Justin Ide visits the Free Union Grass Farm to meet the owners Erica and Joel, to talk about their local food production.
By Justin Ide
I’ve heard about Free Union Grass since we arrived here a year ago, and the fact that we live in Free Union ourselves made our connection that much stronger. We’ve purchased chicken and eggs (eggs no longer, not ’cause they aren’t good, we just found a closer source, alas) from them in the past at the Farmers Market in Charlottesville, but I didn’t have a chance to get over to their place until last week.
I was inspired to contact them because I saw that they were hosting Outstanding In The Field in September at their place. Since Susan and I were very familiar with OSITF from our time in Boston, I knew we would be getting tickets for that for sure. I also knew that it was time to get in touch with them. Last Friday afternoon I found Erica and Joel outside, building an addition on their brood house from reclaimed wood, in an effort to expand the space they have and to increase their flocks of ducks and chickens.
The minute you meet them, a sense that you’ve known them forever comes over you, and their good-natured personalities put me at ease immediately ”Welcome to Free Union” says Joel Zlezak as he gets off the tractor and meets me in the driveway he’s called home his whole life. Raised right there in Free Union on a dairy farm and not straying too far until college, being a farmer seemed ultimately to be in his DNA.
Joel explains about the process of starting the farm, “We started three years ago,” while helping rip some reclaimed wood for the addition to the brood house. ”We got a no interest loan from a really good friend of ours for five cows,” then Erica corrected him, “cow calf pairs” from the other side of the yard. Smiling at the preciseness of Erica, a trait she can’t turn off and is strangely endearing, he continued ”We’ve bred them twice now, and we’re on our last payment (of the loan) with him.”
The happy banter between the two young farmers and the way their personalities complement each other reminds me of my own relationship with my wife, and the quote “goes together like peas and carrots” comes to mind. When asked if they are married or simply living in “social sin,” Erica responds “Living in sin… rings get in the way of farm chores,” but continued “I don’t think either of us imagined who we’d have,” when I asked if they could have imagined what they are doing now five years ago, “but we both knew that farming was where we were going … so finding someone who was ready to farm now was just serendipitous.”
Asked about the importance of what they do and what it means to them, Joel chimes in “We love the lifestyle. We get an incredible workout everyday outside and we get to spend a lot of time together … for the good and the bad,” laughing a nervous laugh. ”Yeah,” calls out Erica in the background, ”both Joel and I really value this kind of food, and the knowledge that we created it with our own hands.” Erica continues, “It’s helped us learn more about cooking, has introduced us to lots of other people who love food, and is just our passion.” Joel in the same vein says, “We’re creating really good food in a very sustainable way, and we are just obsessed with it.”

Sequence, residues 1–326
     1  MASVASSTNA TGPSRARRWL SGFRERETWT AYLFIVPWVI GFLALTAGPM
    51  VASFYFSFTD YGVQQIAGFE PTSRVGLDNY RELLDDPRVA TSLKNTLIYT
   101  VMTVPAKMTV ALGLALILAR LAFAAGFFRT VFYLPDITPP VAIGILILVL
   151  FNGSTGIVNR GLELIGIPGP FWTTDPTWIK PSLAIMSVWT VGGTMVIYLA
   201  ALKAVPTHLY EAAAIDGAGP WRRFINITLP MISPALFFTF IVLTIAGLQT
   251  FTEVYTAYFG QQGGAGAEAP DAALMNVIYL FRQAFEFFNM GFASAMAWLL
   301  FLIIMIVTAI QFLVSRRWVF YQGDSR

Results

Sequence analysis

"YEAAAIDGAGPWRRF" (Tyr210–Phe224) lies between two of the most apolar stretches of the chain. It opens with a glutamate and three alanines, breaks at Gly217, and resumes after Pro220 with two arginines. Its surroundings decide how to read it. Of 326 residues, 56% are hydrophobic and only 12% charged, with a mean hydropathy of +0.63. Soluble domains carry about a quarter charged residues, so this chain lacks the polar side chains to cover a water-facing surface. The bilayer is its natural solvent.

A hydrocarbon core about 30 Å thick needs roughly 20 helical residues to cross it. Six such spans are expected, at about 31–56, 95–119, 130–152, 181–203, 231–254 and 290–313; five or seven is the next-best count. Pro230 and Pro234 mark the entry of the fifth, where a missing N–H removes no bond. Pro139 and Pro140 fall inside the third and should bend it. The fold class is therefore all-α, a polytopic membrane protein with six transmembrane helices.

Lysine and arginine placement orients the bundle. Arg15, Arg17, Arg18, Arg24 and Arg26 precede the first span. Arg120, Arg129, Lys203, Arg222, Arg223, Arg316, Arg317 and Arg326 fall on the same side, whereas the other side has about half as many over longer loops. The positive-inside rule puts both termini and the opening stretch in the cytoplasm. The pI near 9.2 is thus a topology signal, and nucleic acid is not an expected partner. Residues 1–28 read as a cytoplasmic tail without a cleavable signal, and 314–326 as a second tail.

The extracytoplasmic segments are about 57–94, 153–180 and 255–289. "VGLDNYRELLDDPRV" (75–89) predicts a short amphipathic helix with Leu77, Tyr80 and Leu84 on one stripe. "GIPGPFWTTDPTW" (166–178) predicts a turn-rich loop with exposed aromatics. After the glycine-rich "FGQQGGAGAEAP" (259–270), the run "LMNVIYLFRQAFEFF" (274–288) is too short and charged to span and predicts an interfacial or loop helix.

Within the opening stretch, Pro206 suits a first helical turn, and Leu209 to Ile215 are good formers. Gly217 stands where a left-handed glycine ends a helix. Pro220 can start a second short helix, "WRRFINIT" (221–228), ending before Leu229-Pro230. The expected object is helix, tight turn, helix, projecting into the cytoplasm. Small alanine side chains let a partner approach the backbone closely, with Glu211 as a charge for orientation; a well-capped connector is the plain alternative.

When I asked what was next for Free Union Grass Farm, Erica responded that they were “Working towards homeostasis,” clearly relying on her science background, from her degree in environmental education at Warren Wilson College in North Carolina. ”We will always be fixing things and rebuilding and redesigning, but we hope to get to a point of sustainable production that can meet the demands of our customers, use our land to its fullest, and accomodate our financial needs.” Part of that, like building on the addition to the brood house, is geared toward “increasing chicken and duck production this year,” said Erica, and ”using goats to manage our invasive species, and growing the cattle herd.”
Having their produce locally available is really important to both Erica and Joel, and locally sourcing their own food is a high priority. ”I’m a bit of a meat snob given all I know about the commercial meat industry,” says Erica. “Although I’ve been trying to be a little less militant about this to make social situations easier.” When asked what others could do other than frequent Free Union Grass Farm, Erica responded, “I guess what people can do to connect to their food sources, is to not make excuses.” She continued, “If you want something and you care about it, you’ll seek it out and you’ll spend more on it. You’ll learn why it costs more, believe that it has a greater value, and vote for it with your dollars.” She finished up with “So, do that.”
So you, out there reading this, do that. Get out there; hit the farmers market; call up Erica and Joel at Free Union Grass Farm, and make a difference in your life, in what you eat, where you shop and how you get your food. Knowing our food, where it comes from, and who we are getting it from is critically important to all of us … so stop making excuses and do that!
Justin Ide is a veteran photojournalist and former Peace Corps volunteer. He has recently turned to food and food industry photography realizing that is where his heart and soul reside. When not on assignment, Justin can be found chasing wild trout with a fly rod, or cooking in the kitchen with his wife Susan, under the watchful eyes of their two Labrador retrievers, Utah and Normand.